“Decision making, like coffee, needs a cooling process”



In October 2019, Bell AJ declined to strike out the Retro Apartments Owners’1 claims for non-weathertightness defects as it was time-barred under the Building Act longstop. Bell AJ’s judgment was an unabashed policy decision.2 Bell AJ and the Court of Appeal subsequently declined leave to appeal the strike out judgment due to the proximity of trial.3

Undeterred, the Council applied for strike out in Washington Apartments.4 Smith AJ struck out the claims for non-weathertightness defects, deciding that s 37 only applies where the defendant’s act or omission has caused or contributed to water penetration.


In both cases the Owners applied to the WHRS for an assessor’s report within 10 years of the Council issuing the CCC and had an eligible claim under the WHRSA. The Owners elected to bring proceedings in the High Court, relying on Lee v Whangarei District Council that s 37 “stops the clock” for limitation purposes.5

The Owners’ original pleadings against the Council alleged only weathertightness defects. However, whilst undertaking repairs the Owners discovered structural and fire defects. They amended their claims to plead the new defects more than 10 years after the issue of the CCC. The Council sought contribution from various third parties for the structural and fire defects.

Retro Apartments

Bell AJ decided that the limitation provisions in s 393 of the Building Act and s 37 of the WHRSA could not work together in practice. He held s 37 “stopped the clock” in the High Court, both in terms of weathertightness and other defects.6

Despite agreeing with the Council and Engineer that the WHRSA focused solely on weathertightness and rejecting the Owners’ submissions to the contrary, Bell AJ decided that restricting s 37 to weathertightness defects would disadvantage owners with eligible WHRS claims. They would lose the benefits conferred on them by s 377 as they would not be able to take time to investigate and consider their options, and they ought to be able to take a coordinated approach to remedial work and litigation.8 He concluded that this was a more sensible, just and practical approach than rigidly applying s 393.

Bell AJ considered that s 37 meant defendants with exposure to leaky building claims had to maintain records and insurance cover for more than 10 years in any event and so having to do so for other defects was not too onerous, nor did it defeat the purpose of a longstop, which was to avoid stale litigation. Liability insurers might justifiably disagree with this aspect of Bell AJ’s judgment.

Washington Apartments

Smith AJ was able to distinguish Retro Apartments because the Retro Owners’ post-strike out amendments raised factual issues about the inter-connectedness of the defects, not present in the Washington claim.9

Smith AJ differed from Bell AJ on the essential question of whether s 37 WHRSA and s 393 Building Act were irreconcilable or could be read sensibly together.10 Smith AJ found that s 37 does not create a separate limitation period but imposes a statutory rule overlaying existing limitation laws.11

Smith AJ held that:

  • A claim brought after the s 393 longstop period is only saved by s 37 WHRSA if and to the extent that the defendant’s acts or omissions have caused or contributed to a defect in the design, construction or alteration work that has caused water penetration and consequent damage.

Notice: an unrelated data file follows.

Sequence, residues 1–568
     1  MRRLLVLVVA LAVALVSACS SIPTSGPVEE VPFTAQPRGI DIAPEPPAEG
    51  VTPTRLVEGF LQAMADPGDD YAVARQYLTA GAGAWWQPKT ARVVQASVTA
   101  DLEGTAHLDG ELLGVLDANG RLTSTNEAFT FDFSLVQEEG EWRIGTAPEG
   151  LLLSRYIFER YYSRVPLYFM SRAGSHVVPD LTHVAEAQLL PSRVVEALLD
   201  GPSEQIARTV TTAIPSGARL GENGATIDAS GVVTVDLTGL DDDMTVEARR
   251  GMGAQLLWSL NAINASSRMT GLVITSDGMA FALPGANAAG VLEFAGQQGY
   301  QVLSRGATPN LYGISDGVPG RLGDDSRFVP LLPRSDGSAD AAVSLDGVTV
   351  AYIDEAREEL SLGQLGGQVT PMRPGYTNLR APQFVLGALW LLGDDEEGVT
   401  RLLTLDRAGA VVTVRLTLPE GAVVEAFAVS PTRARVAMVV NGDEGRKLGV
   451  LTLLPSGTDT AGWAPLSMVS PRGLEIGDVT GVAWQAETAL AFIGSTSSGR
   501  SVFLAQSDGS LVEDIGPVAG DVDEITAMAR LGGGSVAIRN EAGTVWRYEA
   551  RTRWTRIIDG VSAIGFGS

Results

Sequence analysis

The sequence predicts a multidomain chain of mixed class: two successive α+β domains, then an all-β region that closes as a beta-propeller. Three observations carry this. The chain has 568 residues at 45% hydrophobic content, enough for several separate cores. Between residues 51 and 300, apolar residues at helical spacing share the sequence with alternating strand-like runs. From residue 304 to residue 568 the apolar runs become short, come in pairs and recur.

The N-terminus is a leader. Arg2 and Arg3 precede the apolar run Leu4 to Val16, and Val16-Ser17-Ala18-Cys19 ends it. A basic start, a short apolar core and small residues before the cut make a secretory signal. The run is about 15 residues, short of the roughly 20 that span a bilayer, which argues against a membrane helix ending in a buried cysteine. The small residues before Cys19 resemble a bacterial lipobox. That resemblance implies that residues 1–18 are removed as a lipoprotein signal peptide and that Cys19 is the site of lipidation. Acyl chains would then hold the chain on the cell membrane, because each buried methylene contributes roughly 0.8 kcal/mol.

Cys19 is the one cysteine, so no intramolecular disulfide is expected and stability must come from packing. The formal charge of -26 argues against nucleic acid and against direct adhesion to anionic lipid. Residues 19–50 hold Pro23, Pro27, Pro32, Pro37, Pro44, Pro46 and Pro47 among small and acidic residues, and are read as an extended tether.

• Policy considerations do not displace this analysis.
  • Parliament did not intend the WHRSA to alter limitation periods for claims that have nothing to do with water penetration.
  • Applying s 37 to all legal claims relating to the dwelling does not serve the WHRSA’s purpose.12
  • The convenience to owners of dealing with all defects together and Council requirements that they repair the defects at the same time are not a proper basis for abrogating the defendants’ limitation rights.13

The Washington Owners have appealed Smith AJ’s judgment.


We agree with Smith AJ’s conclusion in Washington: section 37 does not alter existing limitation law for claims outside the scope of the WHRSA and water penetration is an essential element of the claims deemed filed by s 37.

In our view s 37 is an exception to limitation enacted for the specific statutory purposes of the WHRSA: assessment and resolution of residential weathertightness claims. This approach is consistent with the WHRSA scheme, Lee and other High Court decisions interpreting s 37 as conferring exceptions to limitation. Section 37 is straightforward in the WHRS, which can only resolve weathertightness claims. In all other jurisdictions, the s 37 exception must be restricted to claims that owners could have brought under the WHRSA, i.e. weathertightness claims. The s 37 exception does not apply to all the owners’ claims relating to the dwelling, as that is not what Parliament intended.

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  1. Body Corporate 202392 v Auckland Council [2019] NZHC 1976 [Retro Apartments HC # 1].
  2. Retro Apartments HC # 1 at [35] and [39].
  3. Body Corporate 202962 v Auckland Council [2019] NZHC 2696, Auckland Council v Body Corporate 202692 [2019] NZCA 635.
  4. Body Corporate 378351 v Auckland Council & Ors [2020] NZHC 1701 [Washington Apartments].
  5. Lee v Whangarei District Council [2016] NZSC 173, [2017] 1 NZLR 401 at 402.
  6. Retro Apartments HC # 1 at [5].
  7. As articulated by the Supreme Court in Lee, FN 5 above.
  8. Retro Apartments HC # 1 at [34]-[36], [49].
  9. Washington Apartments at [68]-[72].
  10. At [78].
  11. At [103].
  12. At [105].
  13. At [94] and [100].

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